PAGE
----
Comparisons of rosiglitazone versus pioglitazone monotherapy introduction and associated health care utilization in medicaid-enrolled patients with type 2 diabetes mellitus

Rajesh Balkrishnan, Bhakti V Arondekar, Fabian T Camacho, Rahul A Shenolikar, Ruslan Horblyuk, Roger T Anderson
Clinical Therapeutics 2007, 29 Spec No: 1306-15

BACKGROUND: Outcomes in patients with type 2 diabetes mellitus (DM) can differ based on the antidiabetic medication that is used. Thiazolidinediones (TZDs) are a newer class of agents used for the treatment of type 2 DM. No previous study has compared health care utilization associated with the 2 TZDs on the market.

OBJECTIVE: The objective of this study was to compare health care utilization and costs associated with initiation of treatment with either rosiglitazone or pioglitazone by Medicaid-enrolled patients with type 2 DM.

METHODS: This was a retrospective data analysis comparing cohorts of patients with type 2 DM starting a new antidiabetic medication in terms of hospitalizations, emergency department visits, outpatient physician visits, and health care costs reimbursed by the North Carolina Medicaid program. The perspective adopted in this analysis was that of the third-party payer (ie, the North Carolina Medicaid program). Patients starting rosiglitazone between July 1, 2001, and June 30, 2002, were compared with patients starting pioglitazone during the same period. The patients were followed up for 30 months to examine the difference in health care utilization over time. Multivariate regression techniques were employed for comparisons between the 2 different antidiabetic therapies.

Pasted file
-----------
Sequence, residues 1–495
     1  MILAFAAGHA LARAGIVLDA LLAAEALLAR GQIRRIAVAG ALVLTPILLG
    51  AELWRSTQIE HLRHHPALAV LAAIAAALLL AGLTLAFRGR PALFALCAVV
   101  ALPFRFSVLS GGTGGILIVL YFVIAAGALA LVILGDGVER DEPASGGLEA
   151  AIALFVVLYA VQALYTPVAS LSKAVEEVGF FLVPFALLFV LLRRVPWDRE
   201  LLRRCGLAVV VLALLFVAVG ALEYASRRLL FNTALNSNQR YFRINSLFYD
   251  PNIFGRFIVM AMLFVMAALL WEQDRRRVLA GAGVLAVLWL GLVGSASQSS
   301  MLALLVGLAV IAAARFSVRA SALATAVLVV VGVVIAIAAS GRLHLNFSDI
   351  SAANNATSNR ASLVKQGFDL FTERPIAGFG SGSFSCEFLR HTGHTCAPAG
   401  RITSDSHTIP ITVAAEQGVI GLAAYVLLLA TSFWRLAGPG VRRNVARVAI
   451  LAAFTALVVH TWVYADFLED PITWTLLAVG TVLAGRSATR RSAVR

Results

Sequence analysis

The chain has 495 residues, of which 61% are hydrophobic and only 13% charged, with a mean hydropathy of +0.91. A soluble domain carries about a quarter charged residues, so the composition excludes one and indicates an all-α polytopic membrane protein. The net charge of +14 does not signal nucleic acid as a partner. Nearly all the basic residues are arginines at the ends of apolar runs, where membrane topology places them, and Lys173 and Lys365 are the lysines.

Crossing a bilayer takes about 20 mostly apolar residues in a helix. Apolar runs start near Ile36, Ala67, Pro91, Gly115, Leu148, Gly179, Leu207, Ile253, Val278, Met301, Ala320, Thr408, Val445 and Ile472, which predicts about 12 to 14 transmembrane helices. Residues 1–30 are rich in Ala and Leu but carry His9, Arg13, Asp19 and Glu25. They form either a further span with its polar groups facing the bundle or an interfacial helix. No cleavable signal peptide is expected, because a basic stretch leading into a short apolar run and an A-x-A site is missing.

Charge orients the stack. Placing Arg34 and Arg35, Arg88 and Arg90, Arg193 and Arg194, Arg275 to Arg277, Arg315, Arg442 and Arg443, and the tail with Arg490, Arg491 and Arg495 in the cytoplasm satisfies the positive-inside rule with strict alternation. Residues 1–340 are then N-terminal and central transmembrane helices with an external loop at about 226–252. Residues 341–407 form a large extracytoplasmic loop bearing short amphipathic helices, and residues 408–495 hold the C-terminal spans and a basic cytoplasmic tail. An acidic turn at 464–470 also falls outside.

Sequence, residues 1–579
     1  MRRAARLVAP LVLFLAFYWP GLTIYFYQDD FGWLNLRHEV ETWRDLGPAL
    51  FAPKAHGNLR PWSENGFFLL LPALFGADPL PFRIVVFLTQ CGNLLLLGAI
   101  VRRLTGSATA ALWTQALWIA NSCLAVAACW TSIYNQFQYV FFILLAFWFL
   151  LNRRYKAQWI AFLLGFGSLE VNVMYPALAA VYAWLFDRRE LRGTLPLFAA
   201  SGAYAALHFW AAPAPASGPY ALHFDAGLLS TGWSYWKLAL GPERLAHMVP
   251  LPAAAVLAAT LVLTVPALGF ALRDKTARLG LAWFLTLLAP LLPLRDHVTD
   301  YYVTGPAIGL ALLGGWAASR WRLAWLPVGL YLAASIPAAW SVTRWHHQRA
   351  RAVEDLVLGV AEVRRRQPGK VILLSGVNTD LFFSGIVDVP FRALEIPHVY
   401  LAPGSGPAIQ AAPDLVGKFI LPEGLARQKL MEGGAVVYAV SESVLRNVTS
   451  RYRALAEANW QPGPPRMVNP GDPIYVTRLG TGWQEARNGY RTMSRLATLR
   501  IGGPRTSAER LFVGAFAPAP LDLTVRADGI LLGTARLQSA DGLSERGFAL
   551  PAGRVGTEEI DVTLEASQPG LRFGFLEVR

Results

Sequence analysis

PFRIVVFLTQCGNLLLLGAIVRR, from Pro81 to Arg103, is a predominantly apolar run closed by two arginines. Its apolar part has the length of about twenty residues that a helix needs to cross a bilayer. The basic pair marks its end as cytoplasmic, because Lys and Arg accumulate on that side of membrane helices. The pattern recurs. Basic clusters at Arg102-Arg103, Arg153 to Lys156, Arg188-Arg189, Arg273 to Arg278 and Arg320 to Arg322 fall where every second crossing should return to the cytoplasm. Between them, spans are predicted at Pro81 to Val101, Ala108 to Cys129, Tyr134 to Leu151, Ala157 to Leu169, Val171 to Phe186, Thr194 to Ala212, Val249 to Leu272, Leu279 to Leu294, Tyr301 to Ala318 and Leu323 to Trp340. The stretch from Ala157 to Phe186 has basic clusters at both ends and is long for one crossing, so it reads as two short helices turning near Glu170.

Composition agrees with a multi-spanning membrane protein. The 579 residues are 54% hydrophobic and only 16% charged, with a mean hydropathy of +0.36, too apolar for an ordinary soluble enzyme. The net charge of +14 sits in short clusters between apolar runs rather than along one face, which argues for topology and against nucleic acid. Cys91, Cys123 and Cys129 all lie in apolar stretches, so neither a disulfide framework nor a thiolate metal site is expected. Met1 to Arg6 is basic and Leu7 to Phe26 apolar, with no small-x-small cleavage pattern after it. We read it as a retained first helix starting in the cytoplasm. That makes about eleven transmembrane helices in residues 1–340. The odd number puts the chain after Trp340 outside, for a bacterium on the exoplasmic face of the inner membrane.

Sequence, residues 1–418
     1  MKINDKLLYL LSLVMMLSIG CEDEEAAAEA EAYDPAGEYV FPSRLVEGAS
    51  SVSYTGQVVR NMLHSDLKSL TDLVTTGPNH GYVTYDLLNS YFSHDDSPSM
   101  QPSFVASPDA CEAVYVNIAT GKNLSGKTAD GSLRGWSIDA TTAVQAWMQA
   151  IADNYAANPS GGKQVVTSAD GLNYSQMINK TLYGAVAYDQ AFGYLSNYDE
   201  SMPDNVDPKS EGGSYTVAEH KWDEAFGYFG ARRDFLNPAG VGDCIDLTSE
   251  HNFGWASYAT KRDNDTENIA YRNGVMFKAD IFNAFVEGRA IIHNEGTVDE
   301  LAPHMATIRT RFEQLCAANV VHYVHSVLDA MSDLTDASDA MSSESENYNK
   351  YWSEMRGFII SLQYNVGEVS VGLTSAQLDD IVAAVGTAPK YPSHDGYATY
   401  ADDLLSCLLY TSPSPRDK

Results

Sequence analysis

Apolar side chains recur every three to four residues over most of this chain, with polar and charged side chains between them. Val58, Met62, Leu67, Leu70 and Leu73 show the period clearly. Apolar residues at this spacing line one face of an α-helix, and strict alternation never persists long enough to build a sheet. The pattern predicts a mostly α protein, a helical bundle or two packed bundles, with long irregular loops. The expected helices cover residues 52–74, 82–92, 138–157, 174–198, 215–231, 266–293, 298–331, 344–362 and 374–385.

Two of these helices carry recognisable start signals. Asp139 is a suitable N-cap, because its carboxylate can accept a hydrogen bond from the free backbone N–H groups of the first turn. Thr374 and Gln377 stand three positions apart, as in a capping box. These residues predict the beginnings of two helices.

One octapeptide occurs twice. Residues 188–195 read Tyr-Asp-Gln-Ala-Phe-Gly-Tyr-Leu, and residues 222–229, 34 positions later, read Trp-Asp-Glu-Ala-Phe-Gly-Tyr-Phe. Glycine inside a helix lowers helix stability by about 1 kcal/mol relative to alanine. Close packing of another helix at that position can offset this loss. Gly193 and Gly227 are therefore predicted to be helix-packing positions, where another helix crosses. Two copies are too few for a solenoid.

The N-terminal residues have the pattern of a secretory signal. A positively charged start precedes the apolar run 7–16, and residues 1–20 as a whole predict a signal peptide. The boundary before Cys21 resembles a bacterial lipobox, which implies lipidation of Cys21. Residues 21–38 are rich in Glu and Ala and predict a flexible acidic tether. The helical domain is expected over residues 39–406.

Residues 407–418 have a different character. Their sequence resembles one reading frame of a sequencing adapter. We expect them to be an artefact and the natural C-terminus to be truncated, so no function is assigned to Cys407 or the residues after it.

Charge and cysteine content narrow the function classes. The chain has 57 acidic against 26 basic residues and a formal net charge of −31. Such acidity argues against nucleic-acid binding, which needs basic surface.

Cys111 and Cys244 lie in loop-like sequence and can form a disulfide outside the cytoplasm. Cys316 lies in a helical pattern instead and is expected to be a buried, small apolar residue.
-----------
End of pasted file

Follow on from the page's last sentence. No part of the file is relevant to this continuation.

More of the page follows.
RESULTS: A total of 1705 patients with type 2 DM were identified and included in the final cohort. There were 660 patients (mean [SD] age, 49.0 [10.2] years) in the rosiglitazone arm and 1045 patients (mean [SD] age, 49.1 [10.5] years) in the pioglitazone arm. Multivariate analysis showed that the rosiglitazone monotherapy group was associated with a 12.2% decrease in the mean number of hospitalizations, a 10.4% decrease in the mean number of emergency department visits, and a 7.3% decrease in total health care costs compared with the pioglitazone monotherapy group (all, P < 0.05). This study only looked at patients who used the same drug for the entire follow-up period. It did not account for drug switching or addition of a new drug to an existing therapy.

CONCLUSIONS: Introduction of rosiglitazone was associated with a decreased number of hospitalizations, emergency department visits, and total health care costs compared with pioglitazone. The utilization of oral antidiabetic agents, with documented clinical and economic benefits, should continue to be advocated to reduce avoidable medical care utilization and to improve patient outcomes in this population.

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